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GIJN’s Data Journalism Top 10: Dear Abby Data, South Africa’s Pit Toilets, The Economist’s Inequality, Politico Goes Open Source

What’s the global data journalism community tweeting about this week? Our NodeXL #ddj mapping from November 19 to 25 finds society’s most urgent concerns in the textual data of a long-standing @dearabby column, a kerfuffle over @The Economist‘s regional inequality graph, dangerous pit toilets in Africa highlighted by @SECTION27news, and a gift of sorts from @politico, who open sourced their elections data management system.

Dear Abby on American Anxieties

For more than half a century, Dear Abby — America’s longest-running advice column — has offered counsel to thousands of worried and conflicted readers. The Pudding partnered with IBM to turn these readers text-based concerns into data. They grouped them into a “constellation of concerns” and revealed that some of the most debated topics were on sex, religion and LGBTQ issues.

Graphing Kerfuffle

A year ago, The Economist published a chart on regional equality in nine countries that caused a kerfuffle, with some readers calling the chart misleading. In this piece, the head of data journalism at The Economist, Alex Selby-Boothroyd, responds to those criticisms by explaining the challenges of charting inequality and discussing possible alternative solutions.

Dangerous Pit Toilets

For many South African school-going children, going to the toilet can be dangerous. The NGO Section27, with education data initiative Passmark, collected data from 86 schools in Limpopo between May and July 2018 and found that nearly half of them had unlawful pit toilets and the sanitation facilities were in poor condition. (Disclaimer: GIJN’s IT Coordinator Alastair Otter contributed to this report.)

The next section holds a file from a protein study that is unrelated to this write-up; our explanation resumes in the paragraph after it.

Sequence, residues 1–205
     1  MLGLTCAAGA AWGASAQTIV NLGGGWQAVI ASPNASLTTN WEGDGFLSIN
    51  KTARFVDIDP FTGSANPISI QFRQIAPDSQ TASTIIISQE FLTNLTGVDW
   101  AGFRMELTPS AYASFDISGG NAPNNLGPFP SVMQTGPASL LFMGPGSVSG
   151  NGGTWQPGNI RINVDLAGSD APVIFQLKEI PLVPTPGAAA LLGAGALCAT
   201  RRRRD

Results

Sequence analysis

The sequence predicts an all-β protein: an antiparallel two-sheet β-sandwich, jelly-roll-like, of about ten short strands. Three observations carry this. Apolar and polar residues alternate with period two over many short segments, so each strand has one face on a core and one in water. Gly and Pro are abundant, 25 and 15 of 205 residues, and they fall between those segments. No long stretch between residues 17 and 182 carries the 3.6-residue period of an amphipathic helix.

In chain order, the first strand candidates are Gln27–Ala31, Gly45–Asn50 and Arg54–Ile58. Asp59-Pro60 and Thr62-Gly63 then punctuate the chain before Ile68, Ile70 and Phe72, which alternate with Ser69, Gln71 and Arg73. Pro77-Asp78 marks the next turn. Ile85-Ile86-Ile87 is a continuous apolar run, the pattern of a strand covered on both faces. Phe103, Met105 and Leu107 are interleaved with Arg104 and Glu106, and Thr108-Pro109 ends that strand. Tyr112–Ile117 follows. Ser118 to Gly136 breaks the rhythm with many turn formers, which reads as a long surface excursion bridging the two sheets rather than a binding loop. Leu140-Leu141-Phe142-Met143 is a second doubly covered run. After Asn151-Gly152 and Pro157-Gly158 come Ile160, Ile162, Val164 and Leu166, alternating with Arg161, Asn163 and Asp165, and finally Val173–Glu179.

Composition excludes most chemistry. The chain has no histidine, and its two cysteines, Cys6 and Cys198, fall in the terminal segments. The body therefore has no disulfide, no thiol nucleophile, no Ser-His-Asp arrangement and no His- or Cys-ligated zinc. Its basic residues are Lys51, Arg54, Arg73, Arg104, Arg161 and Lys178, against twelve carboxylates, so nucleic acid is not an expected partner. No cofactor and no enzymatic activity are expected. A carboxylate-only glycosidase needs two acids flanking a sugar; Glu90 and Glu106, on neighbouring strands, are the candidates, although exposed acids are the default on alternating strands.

Open Source Elections Data

Politico is sharing its system for modeling and publishing election-centric civic data with other newsrooms. Civic, constructed as a Django project, centralizes the storage of election data and can be reused for different applications. Politico is inviting other newsrooms to use what they have built and help to improve it.

Germans Monitoring Flight Punctuality

SWR has been analyzing the punctuality of over 2,000 daily flights at seven international airports in southwestern Germany using public sources. Just after midnight, the flight times of the previous day are automatically analyzed. (In German.)

Tracking Global Warming Reduction

According to the Climate Action Tracker, which tracks the progress of countries’ efforts to keep warming below 2°C, Russia, Saudi Arabia, Turkey, USA and Ukraine are woefully behind in their reduction targets. Turkey will be one of the countries most affected by global warming due to its semi-arid climate. (In Turkish.)

Coda.BR Resources

Didn’t make it to this year’s Coda.BR event, the biggest data journalism conference in Brazil? Fret not, the School of Data has compiled more than 30 presentations and resources from the conference in one place. (In Portuguese.)

Visualization Literacy Conundrum

Michael Correll discusses what visualization literacy means. He warns that the term “literacy” has sometimes been used to shift the blame to audiences rather than data visualizers failing to provide the necessary tools for audiences to understand the charts.

Survey on Statistics Course

The European Journalism Centre, in collaboration with Paris21, is looking to develop a video training course on helping journalists with official statistics. Fill in their survey if you are interested.

Indonesia’s Journocoders

Indonesia, the world’s fourth most populous country, is home to a budding ecosystem of journocoders. They hold monthly meetups to learn data journalism techniques together, and have covered D3.js, mapping, data wrangling, data cleaning and more.

Thanks, once again, to Marc Smith of Connected Action for gathering the links and graphing them.

Eunice Au is GIJN’s program coordinator. Previously, she was a Malaysia correspondent for Singapore’s The Straits Times, and a journalist at the New Straits Times. She has also written for The Sun, Malaysian Today and Madam Chair.


For a look at Marc Smith’s mapping on #ddj on Twitter, check out this map.

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